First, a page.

This just addresses income. People who are self-employed also need to provide health insurance for themselves, and ideally, some kind of retirement savings plan. And what happens if they come down with the flu? Who is going to handle the work? I’ve seen self-employed trade workers force themselves to work when they’re so sick they can hardly walk. Serious illness is unthinkable. You better have terrific disability or worker’s comp insurance. However, the sad truth is that most novice contractors are uninsured or underinsured.
Of course, once a business becomes established and successful, the owners don’t have to work so hard. Workers may see their bosses taking afternoons off to play golf and maybe disappear for several weeks a year on exotic vacations. That’s the reward for operating a successful business. But most of those people spent many years working 3,000 hours and more at pitiful incomes to build their business to the point where they can take it easy.
One-man operationMost contractors start out as a one-person operation, maybe with the spouse pitching in. At most, they may have a partner and perhaps an employee or two. Few new contractors can afford to support multiple trucks and an office staff. That’s why they can expect to put in so many hours. Some people think one of the attractions of owning your own business is the ability to work at their own pace and take time off when they feel like it. That works in theory but the reality for most small contractors is that survival means spending almost every waking hour either working or thinking about the business.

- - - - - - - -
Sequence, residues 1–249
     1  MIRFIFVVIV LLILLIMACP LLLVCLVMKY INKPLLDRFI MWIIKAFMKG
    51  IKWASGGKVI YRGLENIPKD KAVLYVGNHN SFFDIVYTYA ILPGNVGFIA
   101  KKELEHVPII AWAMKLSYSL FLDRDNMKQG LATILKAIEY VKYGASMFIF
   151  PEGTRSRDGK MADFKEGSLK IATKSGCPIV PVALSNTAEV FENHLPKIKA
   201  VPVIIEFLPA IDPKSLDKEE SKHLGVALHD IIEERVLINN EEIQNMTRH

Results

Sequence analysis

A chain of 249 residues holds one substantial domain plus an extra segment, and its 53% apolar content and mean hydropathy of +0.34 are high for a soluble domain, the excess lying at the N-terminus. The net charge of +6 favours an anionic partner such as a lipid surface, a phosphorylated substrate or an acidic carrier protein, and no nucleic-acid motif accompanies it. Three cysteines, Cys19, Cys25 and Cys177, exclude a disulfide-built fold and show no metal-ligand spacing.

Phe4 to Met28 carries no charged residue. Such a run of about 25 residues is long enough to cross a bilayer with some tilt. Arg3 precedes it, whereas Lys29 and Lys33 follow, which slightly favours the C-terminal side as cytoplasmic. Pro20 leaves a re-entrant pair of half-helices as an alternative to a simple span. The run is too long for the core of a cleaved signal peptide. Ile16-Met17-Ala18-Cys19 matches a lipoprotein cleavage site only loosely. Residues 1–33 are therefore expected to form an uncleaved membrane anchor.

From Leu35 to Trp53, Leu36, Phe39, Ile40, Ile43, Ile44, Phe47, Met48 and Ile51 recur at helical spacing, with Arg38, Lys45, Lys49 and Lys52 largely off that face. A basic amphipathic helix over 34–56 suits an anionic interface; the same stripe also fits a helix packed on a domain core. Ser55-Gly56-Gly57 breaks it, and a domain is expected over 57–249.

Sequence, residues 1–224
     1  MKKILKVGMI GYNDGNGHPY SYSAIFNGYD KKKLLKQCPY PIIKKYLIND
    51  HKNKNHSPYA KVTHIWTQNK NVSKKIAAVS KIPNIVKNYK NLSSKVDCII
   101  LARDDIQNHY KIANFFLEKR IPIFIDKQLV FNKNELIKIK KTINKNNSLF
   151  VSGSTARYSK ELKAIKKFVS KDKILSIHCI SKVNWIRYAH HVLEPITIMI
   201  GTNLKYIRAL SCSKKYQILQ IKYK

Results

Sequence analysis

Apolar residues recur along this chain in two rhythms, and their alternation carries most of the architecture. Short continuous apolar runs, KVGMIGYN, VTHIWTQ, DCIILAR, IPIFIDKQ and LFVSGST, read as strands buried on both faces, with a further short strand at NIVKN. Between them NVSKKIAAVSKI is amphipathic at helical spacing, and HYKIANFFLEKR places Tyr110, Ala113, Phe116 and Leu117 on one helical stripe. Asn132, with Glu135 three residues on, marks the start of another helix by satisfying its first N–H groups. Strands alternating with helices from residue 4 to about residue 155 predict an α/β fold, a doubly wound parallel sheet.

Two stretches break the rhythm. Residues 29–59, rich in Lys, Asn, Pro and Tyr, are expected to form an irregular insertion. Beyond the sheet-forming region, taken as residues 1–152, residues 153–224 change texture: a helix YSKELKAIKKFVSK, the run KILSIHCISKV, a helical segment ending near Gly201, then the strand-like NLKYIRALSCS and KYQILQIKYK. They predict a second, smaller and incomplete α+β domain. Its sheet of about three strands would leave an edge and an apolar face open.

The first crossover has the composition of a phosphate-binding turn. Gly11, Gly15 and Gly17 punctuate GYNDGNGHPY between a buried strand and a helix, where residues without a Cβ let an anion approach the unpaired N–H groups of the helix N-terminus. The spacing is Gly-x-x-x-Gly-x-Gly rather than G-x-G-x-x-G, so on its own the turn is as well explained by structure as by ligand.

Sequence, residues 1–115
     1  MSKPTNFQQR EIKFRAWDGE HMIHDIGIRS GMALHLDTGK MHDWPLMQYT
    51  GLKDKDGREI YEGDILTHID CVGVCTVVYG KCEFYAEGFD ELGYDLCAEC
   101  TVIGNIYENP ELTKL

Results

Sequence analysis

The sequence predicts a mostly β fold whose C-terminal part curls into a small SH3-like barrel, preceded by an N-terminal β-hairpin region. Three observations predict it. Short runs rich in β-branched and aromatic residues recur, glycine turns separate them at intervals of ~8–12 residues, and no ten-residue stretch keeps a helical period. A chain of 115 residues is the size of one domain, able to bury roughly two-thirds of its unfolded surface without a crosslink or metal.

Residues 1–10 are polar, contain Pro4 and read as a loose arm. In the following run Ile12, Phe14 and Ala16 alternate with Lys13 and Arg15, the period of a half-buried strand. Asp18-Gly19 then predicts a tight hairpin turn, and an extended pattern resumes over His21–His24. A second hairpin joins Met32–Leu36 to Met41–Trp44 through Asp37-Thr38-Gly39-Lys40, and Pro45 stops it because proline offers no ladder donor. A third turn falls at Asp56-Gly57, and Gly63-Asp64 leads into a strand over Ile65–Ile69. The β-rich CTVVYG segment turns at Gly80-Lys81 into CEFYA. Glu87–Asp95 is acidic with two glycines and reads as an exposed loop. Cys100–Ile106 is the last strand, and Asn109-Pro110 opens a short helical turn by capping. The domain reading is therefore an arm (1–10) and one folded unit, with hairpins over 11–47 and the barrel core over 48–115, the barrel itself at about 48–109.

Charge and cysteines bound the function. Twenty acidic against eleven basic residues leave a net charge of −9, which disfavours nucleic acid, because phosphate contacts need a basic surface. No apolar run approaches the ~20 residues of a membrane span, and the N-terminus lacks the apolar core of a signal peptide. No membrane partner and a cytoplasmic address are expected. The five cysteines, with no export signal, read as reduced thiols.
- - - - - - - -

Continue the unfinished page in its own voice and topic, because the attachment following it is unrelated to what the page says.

Still, many company owners choose to remain small. They believe this creates fewer headaches. This is a personal decision and not necessarily a bad one depending on their goals. There are indeed fewer headaches when you have only yourself to manage. But keep in mind that staying small also has its drawbacks.
The biggest is simply that it limits one’s income potential. For instance, a rule of thumb for small shops is that the owner can expect to take home about 10 percent of billings as personal compensation. So to make $50,000 a year, the contractor needs to book around $500,000 worth of work. How realistic is that? It comes out to almost $42,000 a month, which translates to a little under $10,000 a week, or a little under $2,000 a day, every working day. How many of you have the capability of booking that much work? Even if you could pull it off, it virtually guarantees 60- and 70-hour work weeks when you factor in paperwork, marketing and other administrative tasks.
And this is just to earn $50,000. If your goal is that magic six-figure income, it’s so much harder to obtain as a one-person operation.
Like all rules of thumb, the 10-percent rule is not carved in stone. Some small contractors put more than 10 percent of billings in their pocket and as companies grow larger the percentage taken by the owner tends to decrease. For example, you won’t find many owners of a $10 million business compensating themselves to the tune of $1 million a year. As contractors grow larger, additional overhead tends to eat up money at a faster rate. Nonetheless, if making big bucks is your goal, it virtually demands that you grow your business to a decent size.
Growth means hiring other people to work for you. Finding good people is perhaps the most difficult part of running a business.
Even if they find good employees, keeping them happy is not easy. Managing people is an art. Big corporations devote many hours of training before they put someone in charge of others. People in a small company seldom get any management training at all. They simply get promoted and suddenly find themselves supervising other people.